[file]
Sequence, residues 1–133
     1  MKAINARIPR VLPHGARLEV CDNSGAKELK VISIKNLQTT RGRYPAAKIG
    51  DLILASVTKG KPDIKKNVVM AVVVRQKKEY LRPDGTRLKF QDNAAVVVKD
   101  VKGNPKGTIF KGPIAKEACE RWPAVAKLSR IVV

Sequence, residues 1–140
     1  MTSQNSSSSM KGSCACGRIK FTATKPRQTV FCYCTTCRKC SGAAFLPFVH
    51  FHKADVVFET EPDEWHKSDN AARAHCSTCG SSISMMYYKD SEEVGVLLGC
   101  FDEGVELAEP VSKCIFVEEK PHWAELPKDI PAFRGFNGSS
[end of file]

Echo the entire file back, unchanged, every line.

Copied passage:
Sequence, residues 1–133
     1  MKAINARIPR VLPHGARLEV CDNSGAKELK VISIKNLQTT RGRYPAAKIG
    51  DLILASVTKG KPDIKKNVVM AVVVRQKKEY LRPDGTRLKF QDNAAVVVKD
   101  VKGNPKGTIF KGPIAKEACE RWPAVAKLSR IVV

Sequence, residues 1–140
     1  MTSQNSSSSM KGSCACGRIK FTATKPRQTV FCYCTTCRKC SGAAFLPFVH
    51  FHKADVVFET EPDEWHKSDN AARAHCSTCG SSISMMYYKD SEEVGVLLGC
   101  FDEGVELAEP VSKCIFVEEK PHWAELPKDI PAFRGFNGSS